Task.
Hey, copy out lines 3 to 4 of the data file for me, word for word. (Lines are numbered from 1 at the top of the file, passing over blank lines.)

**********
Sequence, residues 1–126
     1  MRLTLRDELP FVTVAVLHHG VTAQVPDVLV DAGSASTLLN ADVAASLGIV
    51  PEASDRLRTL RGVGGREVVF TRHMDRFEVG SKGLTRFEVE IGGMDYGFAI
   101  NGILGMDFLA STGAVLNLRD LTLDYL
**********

    51  PEASDRLRTL RGVGGREVVF TRHMDRFEVG SKGLTRFEVE IGGMDYGFAI
   101  NGILGMDFLA STGAVLNLRD LTLDYL